Iran’s population in 2015 was estimated to be around 80 million people, making it the 18th most populous country in the world. The majority of Iranians identify as Shia Muslim, with sizeable minorities of Sunnis also present. The Iranian economy is heavily reliant on oil and gas exports, with the sector accounting for roughly one-third of the country’s GDP. Other exports include agricultural products, carpets and textiles. Iran has strong trade ties with its Middle Eastern neighbours, particularly Iraq and Saudi Arabia, as well as other countries worldwide. In terms of politics, Iran is an Islamic republic with a multi-party system. In 2015 Hassan Rouhani was the President after winning reelection in 2013. In foreign relations, Iran is a member of both the United Nations and Organization of Islamic Cooperation (OIC) and is actively involved in international affairs such as peacekeeping operations. Relations with its Middle Eastern neighbours have been mostly positive but tensions remain between Iran and Saudi Arabia over religious differences. See ehealthfacts for Iran in the year of 2005.
Iran. Negotiations on Iran’s nuclear program continued until the deadline set for June 30, which was further postponed at mid-year. But July 14 was announced that an agreement had been reached, after more than ten years of accusations, threats, sanctions and negotiations sometimes. The agreement meant that Iran largely agreed to cut down on its nuclear program and to allow extended UN inspections of its nuclear facilities. The purpose was that Iran would not be able to develop nuclear weapons. In return, most of the harsh trade sanctions against Iran would be abolished and the country would have access to frozen funds and credits abroad. The settlement with the so-called P5 + 1 group (the five permanent members of the UN Security Council and Germany) was approved by Parliament and by the Security Council in October.
|Land area||1,648,195 km²|
|Residents per km²||51.5|
|Income per capita||$ 20,100|
|ISO 3166 code||IR|
|Time zone UTC||+ 03:30|
|Geographic coordinates||32 00 N, 53 00 O|
The settlement led to reduced international isolation and financial relief in Iran, where the sanctions left considerable footprints in everyday life. According to a report by the IAEA Atomic Energy Agency in December, Iran had previously taken limited steps toward building nuclear weapons, but had never gone further than planning and testing some basic components. Most of the work must have been done before 2003.
According to COUNTRYAAH, Tehran is the capital of Iran which is located in Western Asia. Iran strengthened its military presence in Syria during the year, and continued to support the regime there with oil, weapons and money. In the fall, Iran, together with Syria and the Russian Federation and Iraq, established a military liaison center in Baghdad, with the aim of fighting the Islamic State (IS) terrorist organization. Thanks to the nuclear deal, Iran was also able to participate for the first time when international talks were held in Vienna on the Syrian crisis. The traditional rival Saudi Arabia long held back but eventually agreed to let Iran join.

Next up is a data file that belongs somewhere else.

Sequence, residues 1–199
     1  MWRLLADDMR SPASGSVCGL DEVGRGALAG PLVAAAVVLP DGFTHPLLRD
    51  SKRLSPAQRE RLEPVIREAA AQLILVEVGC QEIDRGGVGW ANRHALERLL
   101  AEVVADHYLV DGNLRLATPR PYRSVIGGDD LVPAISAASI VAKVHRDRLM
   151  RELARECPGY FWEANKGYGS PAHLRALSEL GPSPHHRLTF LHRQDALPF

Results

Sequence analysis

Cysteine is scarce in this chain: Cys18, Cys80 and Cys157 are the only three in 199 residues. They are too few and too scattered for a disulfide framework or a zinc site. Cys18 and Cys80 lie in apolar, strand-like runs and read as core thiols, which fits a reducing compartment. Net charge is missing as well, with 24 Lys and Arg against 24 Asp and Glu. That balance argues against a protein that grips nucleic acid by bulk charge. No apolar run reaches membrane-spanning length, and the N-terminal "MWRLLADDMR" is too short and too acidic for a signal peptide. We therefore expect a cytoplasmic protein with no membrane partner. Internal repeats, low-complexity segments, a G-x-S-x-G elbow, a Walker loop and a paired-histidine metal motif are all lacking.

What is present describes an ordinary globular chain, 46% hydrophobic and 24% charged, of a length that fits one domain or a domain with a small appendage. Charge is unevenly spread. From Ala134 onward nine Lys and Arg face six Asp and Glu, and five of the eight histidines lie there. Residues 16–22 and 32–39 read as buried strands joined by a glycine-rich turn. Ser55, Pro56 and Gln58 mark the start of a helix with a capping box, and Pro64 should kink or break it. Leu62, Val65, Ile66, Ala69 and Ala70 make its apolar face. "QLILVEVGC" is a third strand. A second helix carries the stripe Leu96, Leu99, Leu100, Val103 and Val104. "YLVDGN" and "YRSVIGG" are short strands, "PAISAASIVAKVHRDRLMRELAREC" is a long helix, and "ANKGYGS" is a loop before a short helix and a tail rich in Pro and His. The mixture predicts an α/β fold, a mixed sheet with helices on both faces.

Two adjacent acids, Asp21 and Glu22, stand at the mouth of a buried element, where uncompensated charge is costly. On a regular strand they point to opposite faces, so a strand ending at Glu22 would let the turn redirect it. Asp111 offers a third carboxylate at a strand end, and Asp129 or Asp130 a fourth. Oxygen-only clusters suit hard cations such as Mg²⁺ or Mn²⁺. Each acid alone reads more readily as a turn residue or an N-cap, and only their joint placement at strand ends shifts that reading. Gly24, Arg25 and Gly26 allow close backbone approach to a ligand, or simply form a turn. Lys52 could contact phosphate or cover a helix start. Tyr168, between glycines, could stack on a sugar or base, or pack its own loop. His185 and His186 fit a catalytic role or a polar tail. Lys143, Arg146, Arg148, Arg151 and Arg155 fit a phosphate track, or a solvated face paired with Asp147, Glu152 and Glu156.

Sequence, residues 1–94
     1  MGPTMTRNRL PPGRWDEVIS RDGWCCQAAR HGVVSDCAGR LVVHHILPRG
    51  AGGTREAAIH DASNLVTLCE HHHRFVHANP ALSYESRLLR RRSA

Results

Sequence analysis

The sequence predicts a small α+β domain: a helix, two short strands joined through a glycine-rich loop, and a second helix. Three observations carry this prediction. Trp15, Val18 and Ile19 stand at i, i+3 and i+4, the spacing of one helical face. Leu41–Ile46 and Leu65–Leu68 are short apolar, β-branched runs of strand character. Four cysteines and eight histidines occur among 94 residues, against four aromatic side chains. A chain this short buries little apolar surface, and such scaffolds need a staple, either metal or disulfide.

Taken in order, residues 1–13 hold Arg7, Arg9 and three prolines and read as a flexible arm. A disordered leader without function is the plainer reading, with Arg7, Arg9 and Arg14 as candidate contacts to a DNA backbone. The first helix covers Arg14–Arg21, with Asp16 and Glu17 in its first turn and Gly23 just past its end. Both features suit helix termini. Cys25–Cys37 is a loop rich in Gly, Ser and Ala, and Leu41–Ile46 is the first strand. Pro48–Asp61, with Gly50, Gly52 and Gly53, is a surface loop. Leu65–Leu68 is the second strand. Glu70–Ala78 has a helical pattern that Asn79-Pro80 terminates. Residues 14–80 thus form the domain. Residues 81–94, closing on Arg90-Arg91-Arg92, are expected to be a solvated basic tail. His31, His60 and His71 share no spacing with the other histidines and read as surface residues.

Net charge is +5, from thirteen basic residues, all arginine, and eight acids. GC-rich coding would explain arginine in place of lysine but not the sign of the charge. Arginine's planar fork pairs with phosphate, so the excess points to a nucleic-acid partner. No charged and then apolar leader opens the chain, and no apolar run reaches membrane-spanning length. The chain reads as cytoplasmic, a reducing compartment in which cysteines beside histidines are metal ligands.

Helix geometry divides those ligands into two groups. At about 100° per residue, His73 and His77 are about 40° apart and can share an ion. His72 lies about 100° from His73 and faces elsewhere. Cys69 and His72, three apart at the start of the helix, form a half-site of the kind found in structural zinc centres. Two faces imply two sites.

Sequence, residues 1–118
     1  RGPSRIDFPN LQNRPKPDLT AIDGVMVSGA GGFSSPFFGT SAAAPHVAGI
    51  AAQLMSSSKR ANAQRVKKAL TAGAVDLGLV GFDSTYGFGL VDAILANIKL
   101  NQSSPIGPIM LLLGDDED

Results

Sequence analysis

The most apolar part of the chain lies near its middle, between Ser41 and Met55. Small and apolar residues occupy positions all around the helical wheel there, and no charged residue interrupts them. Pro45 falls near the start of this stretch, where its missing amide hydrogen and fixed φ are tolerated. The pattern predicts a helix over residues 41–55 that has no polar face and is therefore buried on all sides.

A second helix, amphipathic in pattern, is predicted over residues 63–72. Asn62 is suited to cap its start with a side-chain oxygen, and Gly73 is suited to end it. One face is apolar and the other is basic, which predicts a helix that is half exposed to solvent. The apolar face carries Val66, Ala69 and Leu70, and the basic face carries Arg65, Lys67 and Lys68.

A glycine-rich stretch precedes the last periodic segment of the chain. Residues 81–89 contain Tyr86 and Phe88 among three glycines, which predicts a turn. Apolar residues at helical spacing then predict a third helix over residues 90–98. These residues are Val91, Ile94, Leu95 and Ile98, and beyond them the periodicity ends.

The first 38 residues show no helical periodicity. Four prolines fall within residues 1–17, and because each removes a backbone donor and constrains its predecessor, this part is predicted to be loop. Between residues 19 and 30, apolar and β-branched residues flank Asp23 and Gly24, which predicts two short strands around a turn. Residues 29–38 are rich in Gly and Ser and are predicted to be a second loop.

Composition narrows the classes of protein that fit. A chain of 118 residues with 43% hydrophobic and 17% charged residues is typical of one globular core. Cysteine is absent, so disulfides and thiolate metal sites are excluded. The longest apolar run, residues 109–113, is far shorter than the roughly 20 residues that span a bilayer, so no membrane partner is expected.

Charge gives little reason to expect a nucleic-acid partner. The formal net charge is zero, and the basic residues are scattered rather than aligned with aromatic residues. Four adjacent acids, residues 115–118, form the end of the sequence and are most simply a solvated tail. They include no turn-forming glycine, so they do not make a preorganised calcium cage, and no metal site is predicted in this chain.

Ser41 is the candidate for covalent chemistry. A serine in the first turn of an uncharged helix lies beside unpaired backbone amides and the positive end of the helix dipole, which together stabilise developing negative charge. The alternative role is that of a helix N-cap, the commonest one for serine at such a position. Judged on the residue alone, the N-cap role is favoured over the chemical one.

- Also see AbbreviationFinder.org for Iran country abbreviations, including geography, history, economy and politics.
With Saudi Arabia, Iran was considered during the year to fight a war through agents in Yemen, through its support for the Shiite Muslim Huthirbels there. Saudi Arabia led an alliance of states that supported Yemen’s deposed government and from March, the rebels fought through air strikes and eventually ground forces.
The hostility between Iran and Saudi Arabia worsened after a severe congestion that occurred in connection with the annual pilgrimage, hajj, to Mecca. According to Iranian data, at least 464 Iranians died in the accident, the highest number for any country, and Khamenei apologized to Saudi Arabia for lack of security.
In two reports, the United Nations Reporter for Iran expressed concern over more and more executions; the number approached 1,000 towards the end of the year. In March, the reporter pointed to a serious deterioration in the human rights situation since President Hassan Rohani took office in 2013, despite appearing reform-friendly. In its October report, however, the reporter saw a slight improvement. UN chief Ban Ki Moon also noted that Rohani’s promises of increased freedom of expression and better respect for human rights had not been fulfilled.
In 1949, a new constitution was drafted which limited the influence of foreign forces. The nationalist and progressive forces strengthened their position in parliament and supported Prime Minister Mohammed Mossadegh in his plan to nationalize the foreign oil company, Anglo Iranian Oil Co. “It is better to be independent and produce only a single tonne of oil annually than to produce 32 million tonnes as slaves of England,” stated Mossadegh. This policy challenged not only the English interests but also the United States who feared the national movement. The major oil companies instead bought the oil from Iran’s neighboring countries, Venezuela and the United States, and organized an effective blockade of oil exports. Only 40 ships defied the 1951-53 blockade. There was little doubt that Mossadegh had the support of the predominant population, but he was overthrown by a military coup in 1953, in which the North American intelligence, the CIA played a crucial role. US influence now became dominant – both politically, economically and militarily. The Shah was endowed with supreme power, and was controlled by the United States. At the same time, the coup involved a nationwide extermination of nationalist and leftist leaders. Thousands of Iranians were sent to prison. Including Mossadegh who was the Shah’s prisoner until his death in 1967.